The sheer wealth of art and culture in Florence is impossible to condense into a short trip, as everywhere you look there is something to see. It is therefore unsurprising that Florence contains around one third of the world’s most important artworks.
The birthplace of the Renaissance movement is surrounded by the Chianti Hills, and also has the river Arno running through it. The top of the Cathedral in the Piazza del Duomo offers views over the city; you can also visit the Cathedral museum and the see the bronze doors of the Battistero, or baptistery.
There are countless monuments to view by the Piazza della Signoria, as well as the palaces – the Palazzo della Signoria (Palace of the Lords), and the Palazzo Vechio (Old Palace). The Uffizi Gallery, on the same square, is home to a huge selection of artworks filling 35 different rooms.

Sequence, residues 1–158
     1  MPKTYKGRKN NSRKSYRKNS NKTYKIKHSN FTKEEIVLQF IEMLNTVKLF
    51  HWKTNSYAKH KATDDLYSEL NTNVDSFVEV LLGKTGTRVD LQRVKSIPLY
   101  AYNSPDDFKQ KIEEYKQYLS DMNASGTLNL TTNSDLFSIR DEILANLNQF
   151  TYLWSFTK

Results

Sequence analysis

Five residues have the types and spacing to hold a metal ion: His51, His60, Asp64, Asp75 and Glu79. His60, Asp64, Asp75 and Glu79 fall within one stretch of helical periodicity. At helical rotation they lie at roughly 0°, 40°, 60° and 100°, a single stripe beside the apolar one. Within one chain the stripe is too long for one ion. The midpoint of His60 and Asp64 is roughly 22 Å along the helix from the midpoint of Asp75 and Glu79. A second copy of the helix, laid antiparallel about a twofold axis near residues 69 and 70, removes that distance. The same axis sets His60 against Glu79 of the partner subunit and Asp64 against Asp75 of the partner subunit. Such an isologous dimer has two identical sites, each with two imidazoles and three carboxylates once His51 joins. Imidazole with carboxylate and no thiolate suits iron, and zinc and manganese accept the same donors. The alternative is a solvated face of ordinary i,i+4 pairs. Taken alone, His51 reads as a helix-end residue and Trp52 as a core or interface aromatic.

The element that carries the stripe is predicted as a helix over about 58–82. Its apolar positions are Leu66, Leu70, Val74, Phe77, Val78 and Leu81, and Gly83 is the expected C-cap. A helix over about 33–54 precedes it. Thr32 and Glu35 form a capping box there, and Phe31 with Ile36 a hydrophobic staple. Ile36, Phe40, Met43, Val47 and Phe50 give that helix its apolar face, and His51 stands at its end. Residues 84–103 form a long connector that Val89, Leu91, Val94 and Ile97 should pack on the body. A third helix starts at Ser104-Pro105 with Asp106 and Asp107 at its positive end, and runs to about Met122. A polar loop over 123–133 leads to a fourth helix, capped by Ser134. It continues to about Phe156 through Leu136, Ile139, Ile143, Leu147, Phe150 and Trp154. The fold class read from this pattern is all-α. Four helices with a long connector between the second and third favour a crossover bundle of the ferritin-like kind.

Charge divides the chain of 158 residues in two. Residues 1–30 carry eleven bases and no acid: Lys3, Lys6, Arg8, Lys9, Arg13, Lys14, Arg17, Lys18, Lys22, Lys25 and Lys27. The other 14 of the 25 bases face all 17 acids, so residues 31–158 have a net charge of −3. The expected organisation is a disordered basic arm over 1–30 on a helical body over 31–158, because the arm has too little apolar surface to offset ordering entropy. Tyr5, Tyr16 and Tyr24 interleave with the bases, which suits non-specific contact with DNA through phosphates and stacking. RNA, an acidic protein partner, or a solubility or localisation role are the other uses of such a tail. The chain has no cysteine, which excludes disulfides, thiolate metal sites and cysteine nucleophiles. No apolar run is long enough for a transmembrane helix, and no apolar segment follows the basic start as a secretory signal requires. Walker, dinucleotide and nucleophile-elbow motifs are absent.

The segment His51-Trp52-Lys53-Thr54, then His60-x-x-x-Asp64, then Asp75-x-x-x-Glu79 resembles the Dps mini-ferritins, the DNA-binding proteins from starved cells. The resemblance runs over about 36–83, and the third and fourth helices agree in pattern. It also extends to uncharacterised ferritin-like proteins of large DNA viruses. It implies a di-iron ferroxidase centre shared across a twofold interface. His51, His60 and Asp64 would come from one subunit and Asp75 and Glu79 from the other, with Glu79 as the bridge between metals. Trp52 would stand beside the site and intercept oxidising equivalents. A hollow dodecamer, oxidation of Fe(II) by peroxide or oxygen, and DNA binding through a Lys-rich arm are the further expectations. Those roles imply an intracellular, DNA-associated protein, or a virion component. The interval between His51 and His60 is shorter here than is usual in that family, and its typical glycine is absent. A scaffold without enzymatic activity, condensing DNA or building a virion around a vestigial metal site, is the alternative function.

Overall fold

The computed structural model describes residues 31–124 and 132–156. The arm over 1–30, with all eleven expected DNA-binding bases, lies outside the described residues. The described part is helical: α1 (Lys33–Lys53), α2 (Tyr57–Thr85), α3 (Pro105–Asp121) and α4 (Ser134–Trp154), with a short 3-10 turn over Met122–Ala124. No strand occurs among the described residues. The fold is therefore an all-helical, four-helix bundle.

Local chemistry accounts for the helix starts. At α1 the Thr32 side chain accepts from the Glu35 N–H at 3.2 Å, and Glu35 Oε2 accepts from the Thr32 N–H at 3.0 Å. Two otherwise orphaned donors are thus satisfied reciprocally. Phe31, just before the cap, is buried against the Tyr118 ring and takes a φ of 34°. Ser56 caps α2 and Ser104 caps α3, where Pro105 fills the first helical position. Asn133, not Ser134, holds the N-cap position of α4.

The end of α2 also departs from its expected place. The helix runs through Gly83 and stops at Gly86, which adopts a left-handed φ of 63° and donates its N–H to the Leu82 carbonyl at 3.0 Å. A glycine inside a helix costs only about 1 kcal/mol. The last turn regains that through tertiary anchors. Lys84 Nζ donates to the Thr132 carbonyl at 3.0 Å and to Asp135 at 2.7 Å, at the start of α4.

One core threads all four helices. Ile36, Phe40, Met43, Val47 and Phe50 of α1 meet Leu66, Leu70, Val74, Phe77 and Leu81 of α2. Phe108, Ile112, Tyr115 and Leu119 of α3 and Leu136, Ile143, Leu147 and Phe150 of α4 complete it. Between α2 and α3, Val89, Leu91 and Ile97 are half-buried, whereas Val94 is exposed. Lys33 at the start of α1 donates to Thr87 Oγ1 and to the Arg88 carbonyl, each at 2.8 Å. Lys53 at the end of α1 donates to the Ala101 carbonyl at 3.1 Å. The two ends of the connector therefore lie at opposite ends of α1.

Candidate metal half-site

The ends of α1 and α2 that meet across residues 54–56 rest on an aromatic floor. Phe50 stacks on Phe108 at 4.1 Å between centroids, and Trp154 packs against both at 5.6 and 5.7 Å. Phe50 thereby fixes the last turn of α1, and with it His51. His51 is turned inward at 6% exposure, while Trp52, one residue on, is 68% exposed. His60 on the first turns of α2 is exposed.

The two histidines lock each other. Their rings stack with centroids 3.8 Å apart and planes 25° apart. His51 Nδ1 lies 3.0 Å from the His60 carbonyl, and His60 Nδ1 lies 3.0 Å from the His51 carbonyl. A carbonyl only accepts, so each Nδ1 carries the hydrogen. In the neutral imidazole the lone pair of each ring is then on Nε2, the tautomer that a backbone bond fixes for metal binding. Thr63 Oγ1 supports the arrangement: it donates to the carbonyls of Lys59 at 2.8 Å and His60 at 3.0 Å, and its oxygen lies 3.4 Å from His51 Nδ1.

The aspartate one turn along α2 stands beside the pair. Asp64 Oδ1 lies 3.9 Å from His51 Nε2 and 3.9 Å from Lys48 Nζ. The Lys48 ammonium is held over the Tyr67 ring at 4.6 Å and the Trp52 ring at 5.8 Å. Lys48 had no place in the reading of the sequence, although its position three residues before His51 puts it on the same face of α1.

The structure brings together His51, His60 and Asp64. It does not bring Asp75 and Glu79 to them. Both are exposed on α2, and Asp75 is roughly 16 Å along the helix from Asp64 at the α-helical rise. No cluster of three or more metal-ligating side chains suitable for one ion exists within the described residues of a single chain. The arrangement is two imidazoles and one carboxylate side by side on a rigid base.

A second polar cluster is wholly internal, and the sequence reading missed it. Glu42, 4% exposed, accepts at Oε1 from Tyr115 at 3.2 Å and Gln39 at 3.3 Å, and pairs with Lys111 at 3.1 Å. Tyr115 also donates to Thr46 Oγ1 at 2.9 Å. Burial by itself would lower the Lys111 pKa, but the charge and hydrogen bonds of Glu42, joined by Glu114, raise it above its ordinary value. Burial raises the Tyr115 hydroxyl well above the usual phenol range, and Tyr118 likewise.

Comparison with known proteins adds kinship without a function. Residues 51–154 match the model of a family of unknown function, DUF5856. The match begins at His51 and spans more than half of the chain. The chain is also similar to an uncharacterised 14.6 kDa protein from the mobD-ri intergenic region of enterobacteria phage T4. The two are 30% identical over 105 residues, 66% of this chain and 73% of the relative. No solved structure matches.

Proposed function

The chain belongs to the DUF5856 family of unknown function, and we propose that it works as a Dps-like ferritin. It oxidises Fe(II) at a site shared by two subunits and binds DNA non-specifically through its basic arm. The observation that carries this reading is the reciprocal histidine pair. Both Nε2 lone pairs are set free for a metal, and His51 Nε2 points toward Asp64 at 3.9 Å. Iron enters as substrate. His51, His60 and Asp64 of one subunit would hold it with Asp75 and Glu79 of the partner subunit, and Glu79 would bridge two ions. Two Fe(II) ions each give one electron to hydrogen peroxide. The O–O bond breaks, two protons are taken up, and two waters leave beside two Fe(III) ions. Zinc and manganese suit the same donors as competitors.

More art can be viewed at the Galleria dell’Accademia, including Michelangelo’s David. A little like the Louvre’s Mona Lisa, crowds turn up in their droves to see this famous painting. To get there you can take buses 1, 6 or 33. Michelangelo is now buried in the grounds of the beautiful Santa Croce Francisan church, as is Dante. To visit, take bus C 14, or the 23.
The Ponte Vecchio (Old Bridge) dates back to the 14th century, and is the only bridge in the city that survived the Nazi bombing. There are now many gold and silversmiths plying their trade along here.